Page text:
Whether we realize it or not (or like it or not) we are constantly role modelling for our children. They are observing and taking in everything that we do and say. It often drives us crazy because even when you whisper the tiniest private thing they can somehow hear it from the other end of the house. And yet stare at you blankly from 2 feet away as though you’ve mouthed silent words to pick up their toys and they just don’t understand.
But, the great thing about role modelling is that we don’t lack opportunities for teaching our children! As homeschool parents, especially when the kids are younger, we often have them with us 24 hours a day. This means they see every interaction you have.
How you talk to the cashier at the grocery store teaches them. When you pass a stranger on the street and look up and smile at them, you are modelling your behaviour. When you are having a playdate and spending time with another parent, you are giving them examples of your social interactions.
But the haters gonna hate, hate, hate, hate, hate…..
While we can be satisfied knowing that our children are receiving this learning, others in our society demand evidence. And guess what, I have it for you!
Richard Medlin, a professor of psychology who has conducted studies on the cognitive and social development of homeschoolers since 1993, did a study. It was called Homeschooling and the Question of Socialization. This study was updated in 2013 and relabelled Homeschooling and the Question of Socialization Revisisted.
Professor Medlin found that when compared with publically educated kids, homeschooled children:
- had higher quality friendships
- better relationships with their parents
- better relationships with other adults
- were happy, optimistic and satisfied with their lives
- had moral reasoning at least as advanced as their peers
- were more likely to act unselfishly
- had a stronger sense of social responsibility as adolescents
- during their teen years exhibited less emotion turmoil and behaviour problems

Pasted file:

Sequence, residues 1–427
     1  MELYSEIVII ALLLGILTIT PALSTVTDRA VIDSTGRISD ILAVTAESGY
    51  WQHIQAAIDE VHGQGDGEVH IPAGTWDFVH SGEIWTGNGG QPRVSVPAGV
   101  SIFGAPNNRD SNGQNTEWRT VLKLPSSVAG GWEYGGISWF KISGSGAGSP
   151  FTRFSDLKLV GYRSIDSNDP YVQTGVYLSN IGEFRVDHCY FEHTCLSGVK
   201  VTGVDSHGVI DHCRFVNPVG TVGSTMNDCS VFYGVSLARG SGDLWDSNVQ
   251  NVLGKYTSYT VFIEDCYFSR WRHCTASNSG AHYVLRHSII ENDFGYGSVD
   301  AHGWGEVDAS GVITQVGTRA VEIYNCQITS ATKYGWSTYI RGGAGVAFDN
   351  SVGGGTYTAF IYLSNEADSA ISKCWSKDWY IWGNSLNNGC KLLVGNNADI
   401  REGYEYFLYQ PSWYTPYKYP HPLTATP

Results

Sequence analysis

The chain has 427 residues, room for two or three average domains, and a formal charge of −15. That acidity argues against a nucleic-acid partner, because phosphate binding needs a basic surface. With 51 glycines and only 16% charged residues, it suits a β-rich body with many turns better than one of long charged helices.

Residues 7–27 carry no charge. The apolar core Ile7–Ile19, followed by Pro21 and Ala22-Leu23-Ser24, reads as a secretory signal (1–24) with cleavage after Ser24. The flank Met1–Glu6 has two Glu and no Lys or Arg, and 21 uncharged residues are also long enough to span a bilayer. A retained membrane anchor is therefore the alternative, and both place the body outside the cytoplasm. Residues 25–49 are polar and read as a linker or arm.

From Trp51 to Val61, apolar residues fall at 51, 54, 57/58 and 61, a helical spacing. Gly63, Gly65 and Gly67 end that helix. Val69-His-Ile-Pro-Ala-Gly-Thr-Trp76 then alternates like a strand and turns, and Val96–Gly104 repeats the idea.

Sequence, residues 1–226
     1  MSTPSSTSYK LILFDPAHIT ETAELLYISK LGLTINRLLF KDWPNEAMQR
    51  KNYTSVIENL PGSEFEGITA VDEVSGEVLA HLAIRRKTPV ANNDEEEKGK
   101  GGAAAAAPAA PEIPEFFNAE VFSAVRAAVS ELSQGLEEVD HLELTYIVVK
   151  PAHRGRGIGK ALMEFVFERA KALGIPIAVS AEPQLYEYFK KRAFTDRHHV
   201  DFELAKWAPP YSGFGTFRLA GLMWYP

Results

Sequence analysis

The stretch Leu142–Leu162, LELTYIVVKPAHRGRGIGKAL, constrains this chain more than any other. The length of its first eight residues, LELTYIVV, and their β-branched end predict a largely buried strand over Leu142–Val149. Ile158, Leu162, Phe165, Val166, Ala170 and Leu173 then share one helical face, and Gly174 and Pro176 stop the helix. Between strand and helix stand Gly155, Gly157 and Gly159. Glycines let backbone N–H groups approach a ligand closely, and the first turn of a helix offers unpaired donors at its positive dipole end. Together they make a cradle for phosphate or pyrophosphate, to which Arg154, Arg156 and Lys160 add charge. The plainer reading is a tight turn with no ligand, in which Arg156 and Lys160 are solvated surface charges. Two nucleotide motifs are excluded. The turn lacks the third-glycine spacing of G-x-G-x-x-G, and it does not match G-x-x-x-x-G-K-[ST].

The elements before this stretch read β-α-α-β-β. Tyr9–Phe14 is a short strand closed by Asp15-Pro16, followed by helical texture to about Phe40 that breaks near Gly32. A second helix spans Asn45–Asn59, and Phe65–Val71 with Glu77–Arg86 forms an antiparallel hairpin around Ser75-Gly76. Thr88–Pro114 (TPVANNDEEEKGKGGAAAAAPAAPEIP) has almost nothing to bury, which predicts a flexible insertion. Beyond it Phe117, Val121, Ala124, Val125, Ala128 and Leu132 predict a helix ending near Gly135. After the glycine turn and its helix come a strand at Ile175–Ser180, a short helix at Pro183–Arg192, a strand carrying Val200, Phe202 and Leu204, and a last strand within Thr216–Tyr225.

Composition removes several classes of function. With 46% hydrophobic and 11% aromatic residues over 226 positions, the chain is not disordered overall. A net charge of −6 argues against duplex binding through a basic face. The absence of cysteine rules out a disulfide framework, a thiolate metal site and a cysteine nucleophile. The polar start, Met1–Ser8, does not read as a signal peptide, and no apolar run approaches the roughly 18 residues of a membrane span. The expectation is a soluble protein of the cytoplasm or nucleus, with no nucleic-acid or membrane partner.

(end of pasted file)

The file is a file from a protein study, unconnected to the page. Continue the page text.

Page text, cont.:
And he isn’t the only one! Have you ever heard of John Taylor Gatto?
If not, don’t worry, I stumbled across him during my first year of homeschooling from a fellow homeschooling friend who had his book.
Mr. Gatto was the New York school teacher of the Year in 1991. He resigned as a school teacher shortly after accepting his award and began speaking out about the need for educational reform. Then in 1992 he published his book Dumbing Us Down: The Hidden Curriculum of Compulsory Schooling. I love this book and refer to several quotes from it quite regularly.
Two of my favourite quotes are:
The homeschooling movement has quietly grown to a size where one and a half million young people are being educated entirely by their own parents; last month the education press reported the amazing news that, in their ability to think, children schooled at home seem to be five or even yen years ahead of their formally trained peers.
What’s gotten in the way of education in the United States is a theory of social engineering that says there is ONE RIGHT WAY to proceed with growing up.
Why do I love these quotes?
They show that our kids are developing normally and that just because we do things differently doesn’t mean it’s wrong or bad. Homeschooling is working for millions of kids worldwide!
So be encouraged! Homeschooling is safe for your child’s development!
Homeschooling is hard work, and parenting is a never ending job at times, but your children are reaping the rewards of your perseverance.
Provide your kids with play dates where they can get together with other kids of varied ages to just be kids. Let your kids watch how you interact with the everyone around you. Just do those two things and you don’t need to worry about how to socialize your homeschooler.
When people ask you about socialization – you can be confident knowing that you are making a choice that statistically and researched empirically has higher success rates.
You can let go of the worry that you’re not enough, that your kids are missing out, or that you’re not providing them with the best that you can.
Take heart and be encouraged. You are doing a good job! Homeschooling is not easy but our kids are so worth it!
Want to save this post for later? Here’s a pin to help you do that!
If you found this article helpful and encouraging, you can sign up to join my community and receive more encouragement and information on homeschooling directly in your inbox!